Each moment a surprise‘More than a photographer, Bergemann was an anthropologist, a sociologist,’ says Professor Rajeev Lochan, Director of the NGMA. She observed her object, the human being, with patience and she paid attention to detail – she never disregarded the context. ‘Each moment is pregnant with a surprise, which, if not held, vanishes and is forgotten,’ says Lochan. He believes that Bergemann is an artist of international standing and a show in India was long overdue: ‘People like her allow us to see what is around us.’
Bergemann, who was born in Berlin in 1941, discovered photography at the age of 25. She worked as a secretary in the editorial department of Das Magazin, an East Berlin periodical, where the photographs printed by the hugely popular magazine aroused her interest. In 1966 she met the photographer Arno Fischer, mentor, teacher and subsequent life companion. In 1967, she had already been accepted by Direkt, a photographers’ collective, and for a long time remained faithful to its manifesto of showing the world without make-up or staging.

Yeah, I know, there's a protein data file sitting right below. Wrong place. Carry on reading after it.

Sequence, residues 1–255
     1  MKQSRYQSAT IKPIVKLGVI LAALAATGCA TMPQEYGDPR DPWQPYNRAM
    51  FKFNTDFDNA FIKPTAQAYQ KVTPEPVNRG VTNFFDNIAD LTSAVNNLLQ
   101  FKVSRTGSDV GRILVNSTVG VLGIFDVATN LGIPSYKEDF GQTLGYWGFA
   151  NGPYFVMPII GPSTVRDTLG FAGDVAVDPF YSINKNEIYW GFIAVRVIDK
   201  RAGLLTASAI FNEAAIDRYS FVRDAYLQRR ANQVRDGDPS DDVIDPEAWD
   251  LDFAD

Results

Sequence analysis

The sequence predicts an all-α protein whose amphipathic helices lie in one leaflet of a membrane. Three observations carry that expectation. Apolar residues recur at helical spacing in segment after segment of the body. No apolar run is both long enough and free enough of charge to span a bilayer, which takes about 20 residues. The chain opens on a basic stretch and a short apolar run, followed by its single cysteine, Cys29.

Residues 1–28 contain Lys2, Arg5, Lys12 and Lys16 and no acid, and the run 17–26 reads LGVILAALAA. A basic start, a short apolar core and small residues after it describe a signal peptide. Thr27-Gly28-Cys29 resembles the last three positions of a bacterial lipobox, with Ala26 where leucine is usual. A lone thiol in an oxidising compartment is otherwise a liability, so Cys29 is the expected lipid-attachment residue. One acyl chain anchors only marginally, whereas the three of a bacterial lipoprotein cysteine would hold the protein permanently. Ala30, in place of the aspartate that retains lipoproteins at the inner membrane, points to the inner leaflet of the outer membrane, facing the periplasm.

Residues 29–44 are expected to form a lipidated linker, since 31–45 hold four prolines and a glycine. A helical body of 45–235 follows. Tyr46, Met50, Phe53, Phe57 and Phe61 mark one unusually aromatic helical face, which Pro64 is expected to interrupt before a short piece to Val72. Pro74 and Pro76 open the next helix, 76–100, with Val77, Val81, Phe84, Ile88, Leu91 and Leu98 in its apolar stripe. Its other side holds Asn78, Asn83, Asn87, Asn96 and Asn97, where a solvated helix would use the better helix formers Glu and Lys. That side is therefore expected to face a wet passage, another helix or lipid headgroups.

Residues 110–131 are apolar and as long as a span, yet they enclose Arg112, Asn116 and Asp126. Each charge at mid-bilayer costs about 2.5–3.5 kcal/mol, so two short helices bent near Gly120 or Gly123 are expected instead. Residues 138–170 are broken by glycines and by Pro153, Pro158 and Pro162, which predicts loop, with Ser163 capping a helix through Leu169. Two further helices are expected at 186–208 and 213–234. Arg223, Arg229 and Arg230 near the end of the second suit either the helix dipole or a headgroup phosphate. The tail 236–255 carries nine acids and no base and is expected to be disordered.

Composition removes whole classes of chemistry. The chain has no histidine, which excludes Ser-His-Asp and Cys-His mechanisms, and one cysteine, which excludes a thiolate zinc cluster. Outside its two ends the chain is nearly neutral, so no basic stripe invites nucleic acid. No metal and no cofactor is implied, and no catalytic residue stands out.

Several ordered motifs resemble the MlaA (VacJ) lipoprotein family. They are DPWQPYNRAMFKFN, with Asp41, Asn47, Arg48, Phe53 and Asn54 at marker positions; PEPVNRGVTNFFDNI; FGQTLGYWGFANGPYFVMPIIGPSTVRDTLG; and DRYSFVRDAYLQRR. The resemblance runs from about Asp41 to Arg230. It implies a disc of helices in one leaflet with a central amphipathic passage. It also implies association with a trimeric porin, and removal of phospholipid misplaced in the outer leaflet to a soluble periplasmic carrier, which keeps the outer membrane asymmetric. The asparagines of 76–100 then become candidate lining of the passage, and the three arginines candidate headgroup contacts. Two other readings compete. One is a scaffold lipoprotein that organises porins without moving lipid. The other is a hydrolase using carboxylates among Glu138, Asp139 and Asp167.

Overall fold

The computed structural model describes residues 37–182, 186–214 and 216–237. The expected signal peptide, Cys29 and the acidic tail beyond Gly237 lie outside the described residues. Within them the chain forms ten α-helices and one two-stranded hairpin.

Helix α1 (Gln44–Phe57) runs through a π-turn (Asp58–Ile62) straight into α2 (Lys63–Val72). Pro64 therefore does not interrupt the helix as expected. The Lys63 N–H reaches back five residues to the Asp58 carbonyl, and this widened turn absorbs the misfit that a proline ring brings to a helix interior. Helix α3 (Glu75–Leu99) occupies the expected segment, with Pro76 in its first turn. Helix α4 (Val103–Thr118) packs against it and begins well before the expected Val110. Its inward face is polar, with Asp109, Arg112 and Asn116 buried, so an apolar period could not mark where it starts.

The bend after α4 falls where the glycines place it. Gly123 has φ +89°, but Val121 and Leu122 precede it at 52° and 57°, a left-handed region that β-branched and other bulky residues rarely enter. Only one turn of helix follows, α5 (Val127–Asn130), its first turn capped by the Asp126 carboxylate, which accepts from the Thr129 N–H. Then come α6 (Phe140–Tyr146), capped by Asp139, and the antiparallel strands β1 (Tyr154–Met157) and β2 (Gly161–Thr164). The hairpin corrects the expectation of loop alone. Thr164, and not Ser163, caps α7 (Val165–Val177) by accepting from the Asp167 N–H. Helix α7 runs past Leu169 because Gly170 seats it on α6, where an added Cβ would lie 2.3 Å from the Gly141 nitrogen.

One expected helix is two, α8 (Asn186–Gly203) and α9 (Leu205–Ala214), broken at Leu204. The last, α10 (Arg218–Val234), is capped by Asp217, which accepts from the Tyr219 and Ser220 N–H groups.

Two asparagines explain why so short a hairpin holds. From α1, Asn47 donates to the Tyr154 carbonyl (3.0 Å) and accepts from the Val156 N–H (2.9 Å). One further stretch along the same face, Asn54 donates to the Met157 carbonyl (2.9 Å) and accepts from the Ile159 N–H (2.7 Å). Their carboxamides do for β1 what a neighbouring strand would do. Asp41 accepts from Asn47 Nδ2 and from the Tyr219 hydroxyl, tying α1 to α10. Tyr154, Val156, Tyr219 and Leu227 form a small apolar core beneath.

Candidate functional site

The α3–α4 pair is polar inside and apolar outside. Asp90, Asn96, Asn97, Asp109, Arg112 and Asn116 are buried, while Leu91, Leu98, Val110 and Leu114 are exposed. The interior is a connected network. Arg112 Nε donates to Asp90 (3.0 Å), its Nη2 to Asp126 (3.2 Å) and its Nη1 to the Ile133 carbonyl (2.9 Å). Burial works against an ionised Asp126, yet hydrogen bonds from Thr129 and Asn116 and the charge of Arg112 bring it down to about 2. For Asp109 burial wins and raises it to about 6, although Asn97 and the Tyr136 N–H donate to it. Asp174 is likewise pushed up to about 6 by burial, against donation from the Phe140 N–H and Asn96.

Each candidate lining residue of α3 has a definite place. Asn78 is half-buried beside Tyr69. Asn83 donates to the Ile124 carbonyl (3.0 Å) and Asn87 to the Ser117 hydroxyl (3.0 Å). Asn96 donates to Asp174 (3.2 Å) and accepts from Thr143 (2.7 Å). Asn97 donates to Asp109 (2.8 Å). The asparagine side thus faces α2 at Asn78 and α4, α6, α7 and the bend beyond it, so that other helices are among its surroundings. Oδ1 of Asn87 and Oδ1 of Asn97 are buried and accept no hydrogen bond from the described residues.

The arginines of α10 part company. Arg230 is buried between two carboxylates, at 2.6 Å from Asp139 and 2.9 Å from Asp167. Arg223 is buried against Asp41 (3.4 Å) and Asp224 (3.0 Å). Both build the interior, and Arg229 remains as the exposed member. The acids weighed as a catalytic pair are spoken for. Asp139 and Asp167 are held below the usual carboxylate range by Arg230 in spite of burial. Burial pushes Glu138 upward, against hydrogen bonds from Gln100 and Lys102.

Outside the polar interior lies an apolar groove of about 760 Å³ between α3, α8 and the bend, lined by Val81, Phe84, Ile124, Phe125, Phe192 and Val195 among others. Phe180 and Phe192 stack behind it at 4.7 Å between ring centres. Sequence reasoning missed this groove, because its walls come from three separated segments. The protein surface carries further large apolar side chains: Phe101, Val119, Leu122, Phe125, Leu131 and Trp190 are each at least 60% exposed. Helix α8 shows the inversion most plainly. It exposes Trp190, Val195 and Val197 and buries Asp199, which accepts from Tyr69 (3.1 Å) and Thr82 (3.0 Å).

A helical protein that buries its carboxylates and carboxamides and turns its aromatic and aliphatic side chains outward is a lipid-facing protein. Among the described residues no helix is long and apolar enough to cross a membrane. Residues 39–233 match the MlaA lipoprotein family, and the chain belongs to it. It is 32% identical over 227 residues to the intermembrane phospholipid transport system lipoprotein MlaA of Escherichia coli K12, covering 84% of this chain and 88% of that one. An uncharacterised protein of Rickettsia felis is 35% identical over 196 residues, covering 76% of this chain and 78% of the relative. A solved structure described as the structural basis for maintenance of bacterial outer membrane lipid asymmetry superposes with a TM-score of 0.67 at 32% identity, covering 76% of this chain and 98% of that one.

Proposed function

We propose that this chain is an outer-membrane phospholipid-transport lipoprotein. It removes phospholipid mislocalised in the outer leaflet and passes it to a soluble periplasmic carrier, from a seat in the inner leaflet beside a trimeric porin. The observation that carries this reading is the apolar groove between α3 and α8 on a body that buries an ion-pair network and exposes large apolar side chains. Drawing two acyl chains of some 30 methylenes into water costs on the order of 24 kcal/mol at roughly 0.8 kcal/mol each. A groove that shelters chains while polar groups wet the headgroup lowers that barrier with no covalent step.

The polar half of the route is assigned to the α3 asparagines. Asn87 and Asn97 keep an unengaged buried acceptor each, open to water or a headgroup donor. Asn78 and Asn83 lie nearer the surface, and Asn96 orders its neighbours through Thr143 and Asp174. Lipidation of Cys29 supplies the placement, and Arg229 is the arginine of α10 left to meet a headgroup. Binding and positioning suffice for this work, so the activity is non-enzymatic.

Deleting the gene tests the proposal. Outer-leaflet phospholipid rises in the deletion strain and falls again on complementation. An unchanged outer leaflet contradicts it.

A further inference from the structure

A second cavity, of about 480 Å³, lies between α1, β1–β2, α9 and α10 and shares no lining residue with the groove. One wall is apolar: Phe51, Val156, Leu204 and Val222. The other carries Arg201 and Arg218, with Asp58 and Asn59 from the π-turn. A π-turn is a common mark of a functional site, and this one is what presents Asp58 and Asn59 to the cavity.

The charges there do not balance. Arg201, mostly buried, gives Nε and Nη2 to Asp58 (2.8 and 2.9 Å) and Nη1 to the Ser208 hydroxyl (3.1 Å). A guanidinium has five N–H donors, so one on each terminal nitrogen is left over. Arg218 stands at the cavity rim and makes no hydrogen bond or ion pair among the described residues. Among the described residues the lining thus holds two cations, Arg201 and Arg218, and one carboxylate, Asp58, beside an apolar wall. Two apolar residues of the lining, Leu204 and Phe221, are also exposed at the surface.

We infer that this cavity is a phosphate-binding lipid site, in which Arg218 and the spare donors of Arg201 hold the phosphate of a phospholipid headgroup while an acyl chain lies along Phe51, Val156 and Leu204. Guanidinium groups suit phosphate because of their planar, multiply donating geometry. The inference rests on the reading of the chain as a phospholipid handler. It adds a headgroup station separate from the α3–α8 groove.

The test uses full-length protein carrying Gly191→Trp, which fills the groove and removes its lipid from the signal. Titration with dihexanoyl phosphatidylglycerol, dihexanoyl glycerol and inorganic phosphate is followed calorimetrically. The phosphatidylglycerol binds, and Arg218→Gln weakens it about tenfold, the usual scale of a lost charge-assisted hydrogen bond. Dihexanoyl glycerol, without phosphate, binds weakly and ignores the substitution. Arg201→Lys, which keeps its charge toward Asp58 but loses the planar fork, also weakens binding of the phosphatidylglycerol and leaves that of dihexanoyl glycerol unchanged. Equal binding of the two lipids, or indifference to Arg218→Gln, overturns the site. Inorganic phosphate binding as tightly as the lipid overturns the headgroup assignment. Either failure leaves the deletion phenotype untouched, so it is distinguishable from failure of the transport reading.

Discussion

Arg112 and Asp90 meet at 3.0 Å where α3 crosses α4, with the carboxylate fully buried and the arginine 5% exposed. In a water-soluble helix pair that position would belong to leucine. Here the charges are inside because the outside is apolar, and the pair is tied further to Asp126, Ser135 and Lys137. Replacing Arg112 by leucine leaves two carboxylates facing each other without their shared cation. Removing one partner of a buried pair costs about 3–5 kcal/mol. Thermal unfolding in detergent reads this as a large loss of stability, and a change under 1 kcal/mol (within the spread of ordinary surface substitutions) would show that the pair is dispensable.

Annette And Angela, Berlin, 1982 | Photo: © Sibylle Bergemann Image courtesy the Estate of Sibylle Bergemann
Schöneweide, 1972 | Photo: © Sibylle Bergemann Image courtesy the Estate of Sibylle Bergemann
Mitte, Palace of the Republic, 1978 | Photo: © Sibylle Bergemann Image courtesy the Estate of Sibylle Bergemann Instead of creating a setting, Bergemann relied on her famous eye. ‘Wherever she looked, there was composition,’ Arno Fischer once said of his student and partner.
It was not long before the young photographer received regular assignments for Sybille, East Germany’s leading fashion magazine. Fashion photography in the German Democratic Republic was by no means apolitical – images had to have approval from above before they could be published. How actually existing socialism was to be portrayed, was not to be left to chance.